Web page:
Focus on health, not fat, in food talks with kids

June 24, 2013, HealthDay

By Denise Mann

There’s a right way and a wrong way to persuade your adolescent to eat healthy and help avoid obesity, a new study suggests.

Pointedly connecting food with fatness or talking about needed weight loss is the wrong way and could even encourage unhealthy eating habits, researchers report.

Instead, discussions that focus on simply eating healthfully are less likely to send kids down this road, a new study shows.

“A lot of parents are aware of the obesity problem in the United States — it’s everywhere you turn — but they wonder how to talk about it with their children,” said study lead author Dr. Jerica Berge of the University of Minnesota Medical School in Minneapolis. Continue reading

Calorie cutback: Progress report on 2010 commitment to reduce calories in the marketplace

On May 30, the Bipartisan Policy Center (BPC) and the Healthy Weight Commitment Foundation held a webcast to review the progress of companies offering healthier options to consumers.

At a White House event in May 2010, 16 food and beverage companies stepped forward and made a commitment to reduce calories in the marketplace by 1.5 trillion by 2015, with an interim goal of a one trillion reduction by the end of 2012. This was an early commitment made to the Partnership for a Healthier America, a nonprofit founded in 2010 that is led by some of the nation’s most respected health and childhood obesity advocates. First lady Michelle Obama is an honorary chair of the organization. Continue reading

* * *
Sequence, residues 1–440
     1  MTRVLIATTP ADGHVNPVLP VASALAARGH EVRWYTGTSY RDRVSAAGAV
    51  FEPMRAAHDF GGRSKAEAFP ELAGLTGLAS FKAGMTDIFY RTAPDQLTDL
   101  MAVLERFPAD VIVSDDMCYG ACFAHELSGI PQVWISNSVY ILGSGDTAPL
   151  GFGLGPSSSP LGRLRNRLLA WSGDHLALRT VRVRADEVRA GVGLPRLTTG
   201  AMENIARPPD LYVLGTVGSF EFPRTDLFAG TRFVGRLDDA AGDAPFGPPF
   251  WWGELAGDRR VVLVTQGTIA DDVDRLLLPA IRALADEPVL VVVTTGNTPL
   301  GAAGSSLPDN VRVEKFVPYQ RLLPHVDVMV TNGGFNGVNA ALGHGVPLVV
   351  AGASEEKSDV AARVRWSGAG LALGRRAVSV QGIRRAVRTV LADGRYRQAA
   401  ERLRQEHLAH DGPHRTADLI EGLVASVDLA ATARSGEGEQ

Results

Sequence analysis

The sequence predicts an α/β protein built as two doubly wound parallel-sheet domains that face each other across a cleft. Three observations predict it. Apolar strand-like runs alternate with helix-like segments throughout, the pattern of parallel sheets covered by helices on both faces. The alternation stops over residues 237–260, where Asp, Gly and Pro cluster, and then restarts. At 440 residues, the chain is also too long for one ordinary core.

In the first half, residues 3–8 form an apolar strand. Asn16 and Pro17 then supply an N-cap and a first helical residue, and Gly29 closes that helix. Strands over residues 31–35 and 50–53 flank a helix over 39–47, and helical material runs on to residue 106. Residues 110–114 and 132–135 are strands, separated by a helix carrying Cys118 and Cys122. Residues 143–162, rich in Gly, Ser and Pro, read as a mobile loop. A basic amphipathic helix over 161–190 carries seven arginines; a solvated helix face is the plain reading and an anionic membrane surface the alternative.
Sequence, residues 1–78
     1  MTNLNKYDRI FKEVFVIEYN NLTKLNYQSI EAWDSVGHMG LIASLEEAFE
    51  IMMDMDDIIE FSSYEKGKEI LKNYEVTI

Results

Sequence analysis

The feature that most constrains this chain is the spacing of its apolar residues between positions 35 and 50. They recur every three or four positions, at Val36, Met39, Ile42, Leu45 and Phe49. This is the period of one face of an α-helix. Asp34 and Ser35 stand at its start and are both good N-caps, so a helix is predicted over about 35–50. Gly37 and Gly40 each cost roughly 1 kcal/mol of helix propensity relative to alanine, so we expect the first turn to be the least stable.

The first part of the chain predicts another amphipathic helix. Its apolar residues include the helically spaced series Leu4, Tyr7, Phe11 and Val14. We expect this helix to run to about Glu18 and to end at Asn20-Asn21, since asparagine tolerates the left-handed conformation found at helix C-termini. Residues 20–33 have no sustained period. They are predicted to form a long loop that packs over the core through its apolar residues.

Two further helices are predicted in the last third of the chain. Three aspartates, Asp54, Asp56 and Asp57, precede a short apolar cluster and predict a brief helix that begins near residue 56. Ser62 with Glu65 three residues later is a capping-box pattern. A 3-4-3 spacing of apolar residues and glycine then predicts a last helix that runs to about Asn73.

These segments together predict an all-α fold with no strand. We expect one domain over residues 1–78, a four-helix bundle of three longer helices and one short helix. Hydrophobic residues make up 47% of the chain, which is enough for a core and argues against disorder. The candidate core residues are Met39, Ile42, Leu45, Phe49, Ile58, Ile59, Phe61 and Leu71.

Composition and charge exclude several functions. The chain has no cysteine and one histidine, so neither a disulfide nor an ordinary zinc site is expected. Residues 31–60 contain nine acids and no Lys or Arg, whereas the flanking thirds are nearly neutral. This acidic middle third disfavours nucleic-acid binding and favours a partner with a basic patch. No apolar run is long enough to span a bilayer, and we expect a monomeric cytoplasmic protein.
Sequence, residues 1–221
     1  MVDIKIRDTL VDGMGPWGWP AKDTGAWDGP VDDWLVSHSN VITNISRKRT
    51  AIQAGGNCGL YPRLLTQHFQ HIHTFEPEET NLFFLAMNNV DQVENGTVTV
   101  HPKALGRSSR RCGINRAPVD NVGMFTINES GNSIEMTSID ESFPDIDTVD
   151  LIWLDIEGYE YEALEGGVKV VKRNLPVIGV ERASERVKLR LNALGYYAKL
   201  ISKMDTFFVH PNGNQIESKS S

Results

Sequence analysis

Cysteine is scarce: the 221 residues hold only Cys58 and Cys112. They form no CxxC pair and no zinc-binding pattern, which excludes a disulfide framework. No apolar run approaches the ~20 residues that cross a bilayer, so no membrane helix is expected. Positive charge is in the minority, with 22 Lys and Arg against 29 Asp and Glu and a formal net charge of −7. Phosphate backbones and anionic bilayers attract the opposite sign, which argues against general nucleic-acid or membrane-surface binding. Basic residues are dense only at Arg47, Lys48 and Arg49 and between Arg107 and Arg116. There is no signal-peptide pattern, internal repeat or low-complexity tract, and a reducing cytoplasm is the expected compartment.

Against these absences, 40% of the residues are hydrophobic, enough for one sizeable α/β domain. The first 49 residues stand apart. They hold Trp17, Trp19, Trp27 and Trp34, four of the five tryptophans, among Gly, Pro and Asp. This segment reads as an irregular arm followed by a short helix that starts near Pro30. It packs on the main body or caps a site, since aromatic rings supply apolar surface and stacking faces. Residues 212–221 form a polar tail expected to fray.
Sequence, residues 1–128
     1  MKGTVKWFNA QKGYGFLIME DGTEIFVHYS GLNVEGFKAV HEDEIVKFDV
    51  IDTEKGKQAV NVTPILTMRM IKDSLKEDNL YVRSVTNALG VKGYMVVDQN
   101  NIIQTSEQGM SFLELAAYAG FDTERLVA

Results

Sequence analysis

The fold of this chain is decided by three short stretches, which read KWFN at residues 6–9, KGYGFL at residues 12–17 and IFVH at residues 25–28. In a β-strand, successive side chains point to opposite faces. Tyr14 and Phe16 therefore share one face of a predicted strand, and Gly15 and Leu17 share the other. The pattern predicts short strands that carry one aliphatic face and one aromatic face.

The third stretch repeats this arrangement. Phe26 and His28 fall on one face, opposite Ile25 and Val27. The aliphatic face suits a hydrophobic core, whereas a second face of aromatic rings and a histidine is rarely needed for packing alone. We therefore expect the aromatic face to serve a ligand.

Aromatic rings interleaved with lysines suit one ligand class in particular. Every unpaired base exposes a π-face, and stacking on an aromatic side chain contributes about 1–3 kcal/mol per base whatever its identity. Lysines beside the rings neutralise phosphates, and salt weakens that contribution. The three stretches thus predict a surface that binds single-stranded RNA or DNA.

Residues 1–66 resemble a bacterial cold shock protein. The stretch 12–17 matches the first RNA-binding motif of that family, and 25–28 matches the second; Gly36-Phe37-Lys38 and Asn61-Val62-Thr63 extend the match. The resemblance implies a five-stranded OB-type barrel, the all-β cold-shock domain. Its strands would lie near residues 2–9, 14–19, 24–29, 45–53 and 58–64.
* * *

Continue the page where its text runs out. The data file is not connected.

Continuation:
Are healthy foods really more expensive? It depends on how you measure the price

Most Americans do not eat enough fruits, vegetables, and whole grains to meet federal dietary recommendations. A commonly cited reason for this deficiency is that healthy foods cost more than less healthy options. However, a recent study from the U.S. Department of Agriculture found that nutritious foods – such as grains, vegetables, fruit, and dairy – typically cost less than items high in saturated fat and added sugars. Continue reading